The Ullens Center for Contemporary Art in Beijing has announced that it will open a new museum along the coast of the Bohai Sea in Hebei province’s Beidaihe District, a popular resort town located on the outskirts of Qinhuangdao in northeast China, later this year. Called UCCA Dune, the roughly ten-thousand-square-foot institution was designed by Li Hu of the firm Open Architecture and built by the Aranya Gold Coast Community, which has enlisted the UCCA to run its programming and operations.
“UCCA is excited to move beyond its flagship location in Beijing with a permanent presence in this stunning building in a gorgeous natural setting,” UCCA director Philip Tinari said in a statement. “We look forward to working with great artists to show their work in this new context, and to offering our members and visitors the chance for an unforgettable art experience by the sea.”
Tinari told artforum.com that the venue is located in a cultural and culinary destination that is to Beijing what the Hamptons are to New York. Only around three and a half hours from Beijing, or ninety minutes by train, the museum will boast seven indoor galleries and three outdoor galleries, a building that is set among the shoreline’s sand dunes, a café, and a reading room.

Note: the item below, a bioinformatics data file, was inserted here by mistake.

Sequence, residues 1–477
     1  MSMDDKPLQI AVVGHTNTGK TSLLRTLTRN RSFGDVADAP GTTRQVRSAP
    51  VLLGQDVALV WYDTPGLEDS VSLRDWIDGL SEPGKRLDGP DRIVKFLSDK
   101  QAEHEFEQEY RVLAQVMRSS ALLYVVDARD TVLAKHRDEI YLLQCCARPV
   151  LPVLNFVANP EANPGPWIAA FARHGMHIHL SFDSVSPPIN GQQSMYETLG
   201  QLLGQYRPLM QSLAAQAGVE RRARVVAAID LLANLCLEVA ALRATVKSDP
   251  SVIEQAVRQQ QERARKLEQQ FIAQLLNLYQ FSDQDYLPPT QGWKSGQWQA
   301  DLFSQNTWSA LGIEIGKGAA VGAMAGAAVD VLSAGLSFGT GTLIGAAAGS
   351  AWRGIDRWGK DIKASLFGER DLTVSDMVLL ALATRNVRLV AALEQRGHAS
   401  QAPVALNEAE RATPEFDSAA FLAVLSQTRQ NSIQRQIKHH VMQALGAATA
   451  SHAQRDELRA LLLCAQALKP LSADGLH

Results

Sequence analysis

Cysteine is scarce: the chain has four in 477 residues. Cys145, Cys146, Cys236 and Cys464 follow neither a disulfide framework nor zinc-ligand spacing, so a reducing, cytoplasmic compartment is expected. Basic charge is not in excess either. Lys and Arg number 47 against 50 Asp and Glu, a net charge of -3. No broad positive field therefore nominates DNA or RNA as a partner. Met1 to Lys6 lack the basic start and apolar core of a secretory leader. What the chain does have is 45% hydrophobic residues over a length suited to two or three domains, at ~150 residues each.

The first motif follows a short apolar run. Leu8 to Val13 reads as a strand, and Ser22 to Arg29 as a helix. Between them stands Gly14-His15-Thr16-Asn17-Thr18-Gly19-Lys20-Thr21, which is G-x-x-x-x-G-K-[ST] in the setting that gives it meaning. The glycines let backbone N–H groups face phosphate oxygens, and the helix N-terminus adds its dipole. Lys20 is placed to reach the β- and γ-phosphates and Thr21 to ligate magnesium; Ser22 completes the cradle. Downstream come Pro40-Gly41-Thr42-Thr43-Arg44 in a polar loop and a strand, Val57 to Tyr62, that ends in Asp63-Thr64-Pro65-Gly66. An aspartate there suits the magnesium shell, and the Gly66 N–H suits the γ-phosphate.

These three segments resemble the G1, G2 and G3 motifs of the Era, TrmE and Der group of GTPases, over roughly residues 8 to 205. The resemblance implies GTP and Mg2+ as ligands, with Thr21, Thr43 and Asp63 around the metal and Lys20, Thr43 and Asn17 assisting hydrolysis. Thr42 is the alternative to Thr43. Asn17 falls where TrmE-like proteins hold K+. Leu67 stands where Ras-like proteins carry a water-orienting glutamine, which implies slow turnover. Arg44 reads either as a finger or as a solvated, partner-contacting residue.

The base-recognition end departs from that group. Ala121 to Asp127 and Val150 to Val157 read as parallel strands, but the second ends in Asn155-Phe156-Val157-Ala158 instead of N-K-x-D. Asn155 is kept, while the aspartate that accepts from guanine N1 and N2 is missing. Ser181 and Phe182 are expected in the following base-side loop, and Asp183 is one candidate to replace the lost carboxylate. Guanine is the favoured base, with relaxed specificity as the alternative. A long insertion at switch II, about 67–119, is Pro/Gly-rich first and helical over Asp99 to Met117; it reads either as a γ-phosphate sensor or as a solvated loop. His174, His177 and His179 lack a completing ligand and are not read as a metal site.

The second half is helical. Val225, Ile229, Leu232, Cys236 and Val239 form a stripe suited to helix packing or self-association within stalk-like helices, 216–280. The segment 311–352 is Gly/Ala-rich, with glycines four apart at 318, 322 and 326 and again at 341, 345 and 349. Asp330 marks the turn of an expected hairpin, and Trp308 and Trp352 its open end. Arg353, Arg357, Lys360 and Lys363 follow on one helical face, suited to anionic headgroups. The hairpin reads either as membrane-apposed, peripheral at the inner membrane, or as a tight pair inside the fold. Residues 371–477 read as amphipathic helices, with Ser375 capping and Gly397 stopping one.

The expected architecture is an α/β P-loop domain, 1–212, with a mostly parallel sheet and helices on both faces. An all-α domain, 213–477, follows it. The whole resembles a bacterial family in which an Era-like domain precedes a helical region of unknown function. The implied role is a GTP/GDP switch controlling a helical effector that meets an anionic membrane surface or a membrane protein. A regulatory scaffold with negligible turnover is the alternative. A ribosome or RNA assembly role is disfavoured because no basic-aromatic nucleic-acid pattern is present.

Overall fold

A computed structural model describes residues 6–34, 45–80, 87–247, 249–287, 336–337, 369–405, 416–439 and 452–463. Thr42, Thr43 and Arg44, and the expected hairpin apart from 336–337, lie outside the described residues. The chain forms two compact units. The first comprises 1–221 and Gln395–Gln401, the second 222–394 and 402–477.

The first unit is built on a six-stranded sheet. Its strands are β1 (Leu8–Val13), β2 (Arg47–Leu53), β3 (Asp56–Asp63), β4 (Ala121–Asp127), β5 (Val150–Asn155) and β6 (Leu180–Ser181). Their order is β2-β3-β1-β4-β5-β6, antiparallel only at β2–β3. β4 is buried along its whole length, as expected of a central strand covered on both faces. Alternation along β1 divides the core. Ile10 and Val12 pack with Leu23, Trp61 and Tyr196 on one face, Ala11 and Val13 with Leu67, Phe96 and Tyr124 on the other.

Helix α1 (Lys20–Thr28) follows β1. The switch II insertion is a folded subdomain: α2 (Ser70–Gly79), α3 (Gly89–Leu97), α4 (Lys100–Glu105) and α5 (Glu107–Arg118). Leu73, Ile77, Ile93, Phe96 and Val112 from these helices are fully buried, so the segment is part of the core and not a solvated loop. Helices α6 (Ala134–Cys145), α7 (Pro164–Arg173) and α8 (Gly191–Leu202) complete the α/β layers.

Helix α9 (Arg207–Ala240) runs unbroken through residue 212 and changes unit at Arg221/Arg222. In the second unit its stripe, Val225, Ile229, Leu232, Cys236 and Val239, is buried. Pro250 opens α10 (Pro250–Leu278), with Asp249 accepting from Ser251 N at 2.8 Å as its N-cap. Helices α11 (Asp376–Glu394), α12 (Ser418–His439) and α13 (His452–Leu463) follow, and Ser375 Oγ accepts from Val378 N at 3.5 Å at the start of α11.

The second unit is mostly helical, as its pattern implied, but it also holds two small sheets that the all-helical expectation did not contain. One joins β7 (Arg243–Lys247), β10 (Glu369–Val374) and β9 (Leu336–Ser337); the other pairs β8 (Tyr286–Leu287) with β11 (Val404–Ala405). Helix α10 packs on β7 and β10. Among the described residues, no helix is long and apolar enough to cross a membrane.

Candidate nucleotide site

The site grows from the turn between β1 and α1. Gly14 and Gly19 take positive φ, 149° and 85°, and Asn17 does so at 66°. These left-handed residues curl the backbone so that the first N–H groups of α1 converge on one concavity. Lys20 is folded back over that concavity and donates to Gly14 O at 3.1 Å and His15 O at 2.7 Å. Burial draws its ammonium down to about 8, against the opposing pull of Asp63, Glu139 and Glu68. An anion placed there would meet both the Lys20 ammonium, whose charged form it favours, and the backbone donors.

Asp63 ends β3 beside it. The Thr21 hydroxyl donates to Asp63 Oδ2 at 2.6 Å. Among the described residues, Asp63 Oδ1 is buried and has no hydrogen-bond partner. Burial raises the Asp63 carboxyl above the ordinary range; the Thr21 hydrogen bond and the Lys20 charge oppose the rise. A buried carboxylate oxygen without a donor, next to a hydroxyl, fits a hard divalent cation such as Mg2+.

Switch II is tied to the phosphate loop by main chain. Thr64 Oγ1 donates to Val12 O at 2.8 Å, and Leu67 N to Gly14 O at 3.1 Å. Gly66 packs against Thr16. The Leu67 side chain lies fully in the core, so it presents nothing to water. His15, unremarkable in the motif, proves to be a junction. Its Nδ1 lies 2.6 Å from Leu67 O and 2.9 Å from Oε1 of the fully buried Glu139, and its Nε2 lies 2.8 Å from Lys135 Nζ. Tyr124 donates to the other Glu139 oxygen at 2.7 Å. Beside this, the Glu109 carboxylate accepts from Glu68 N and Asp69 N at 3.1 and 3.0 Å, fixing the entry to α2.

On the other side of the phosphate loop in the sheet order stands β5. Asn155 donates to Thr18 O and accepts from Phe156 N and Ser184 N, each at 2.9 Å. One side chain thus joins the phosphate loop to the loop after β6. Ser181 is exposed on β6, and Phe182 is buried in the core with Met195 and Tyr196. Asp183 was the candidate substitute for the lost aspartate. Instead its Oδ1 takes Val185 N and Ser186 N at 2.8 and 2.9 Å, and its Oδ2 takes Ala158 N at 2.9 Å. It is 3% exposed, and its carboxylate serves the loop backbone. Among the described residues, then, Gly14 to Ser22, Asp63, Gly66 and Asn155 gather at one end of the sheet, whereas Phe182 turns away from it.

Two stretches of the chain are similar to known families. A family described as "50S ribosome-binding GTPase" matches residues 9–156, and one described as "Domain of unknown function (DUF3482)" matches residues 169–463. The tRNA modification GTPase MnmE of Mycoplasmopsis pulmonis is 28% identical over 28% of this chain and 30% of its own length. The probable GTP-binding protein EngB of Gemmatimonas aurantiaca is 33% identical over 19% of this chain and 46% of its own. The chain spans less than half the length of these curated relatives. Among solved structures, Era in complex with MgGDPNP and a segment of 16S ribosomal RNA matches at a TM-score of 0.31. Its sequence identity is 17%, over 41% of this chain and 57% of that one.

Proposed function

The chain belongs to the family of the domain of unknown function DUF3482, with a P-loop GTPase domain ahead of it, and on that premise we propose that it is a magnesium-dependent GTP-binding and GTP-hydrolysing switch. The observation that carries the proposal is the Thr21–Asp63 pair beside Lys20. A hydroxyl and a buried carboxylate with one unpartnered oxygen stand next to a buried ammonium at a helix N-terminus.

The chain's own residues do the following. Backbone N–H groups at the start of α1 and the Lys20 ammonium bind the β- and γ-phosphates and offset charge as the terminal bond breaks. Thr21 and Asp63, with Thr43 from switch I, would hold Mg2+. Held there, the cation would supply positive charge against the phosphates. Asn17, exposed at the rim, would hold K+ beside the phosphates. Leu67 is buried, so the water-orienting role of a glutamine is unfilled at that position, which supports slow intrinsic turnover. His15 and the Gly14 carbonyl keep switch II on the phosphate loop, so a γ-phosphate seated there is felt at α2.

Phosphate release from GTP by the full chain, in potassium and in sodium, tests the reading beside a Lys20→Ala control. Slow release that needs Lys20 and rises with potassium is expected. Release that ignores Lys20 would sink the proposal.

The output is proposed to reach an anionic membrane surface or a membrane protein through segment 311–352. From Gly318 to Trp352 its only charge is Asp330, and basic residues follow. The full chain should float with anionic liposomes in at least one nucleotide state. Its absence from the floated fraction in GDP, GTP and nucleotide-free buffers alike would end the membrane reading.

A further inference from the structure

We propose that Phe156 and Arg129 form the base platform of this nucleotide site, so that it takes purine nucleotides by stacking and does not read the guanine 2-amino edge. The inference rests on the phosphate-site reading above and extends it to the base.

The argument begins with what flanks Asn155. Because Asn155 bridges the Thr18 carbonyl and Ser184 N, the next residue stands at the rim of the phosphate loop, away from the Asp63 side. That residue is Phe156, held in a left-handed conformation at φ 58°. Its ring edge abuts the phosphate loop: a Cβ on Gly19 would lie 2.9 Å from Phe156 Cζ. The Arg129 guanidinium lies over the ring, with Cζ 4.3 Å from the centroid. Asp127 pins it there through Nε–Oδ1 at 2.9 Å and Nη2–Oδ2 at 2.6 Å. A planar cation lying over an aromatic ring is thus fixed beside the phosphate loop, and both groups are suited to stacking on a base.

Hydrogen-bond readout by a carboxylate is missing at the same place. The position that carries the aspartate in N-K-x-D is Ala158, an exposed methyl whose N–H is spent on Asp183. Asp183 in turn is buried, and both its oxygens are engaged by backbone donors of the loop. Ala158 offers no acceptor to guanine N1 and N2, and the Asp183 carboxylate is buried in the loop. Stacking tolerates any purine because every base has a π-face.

The satellite will soon also feature a gallery that is partially submerged in the ocean and that can only be reached by foot during low tide. A long causeway that will provide visitors with access to the exhibition space will be built next year.
UCCA Dune will stage around two exhibitions per year and, according to Tinari, will be an exceptional space for one-artist shows. “After Nature,” a group exhibition that explores the shifting relationship between humans and nature against the backdrop of China’s last three decades of development will inaugurate the museum next month.
The UCCA, situated in the heart of the 798 Art District, was founded by Guy and Myriam Ullens in 2007. Following the Ullens’s announcement that they were seeking new owners for the celebrated contemporary arts space, they sold the UCCA to a group of Chinese investors last year. The sale launched a major restructuring of the institution, which is now run by the UCCA group, comprising the UCCA Foundation, a nonprofit organization that organizes its exhibitions, research, and public programming, and UCCA Enterprises, a number of art-related retail and educational ventures that generate revenue for the museum.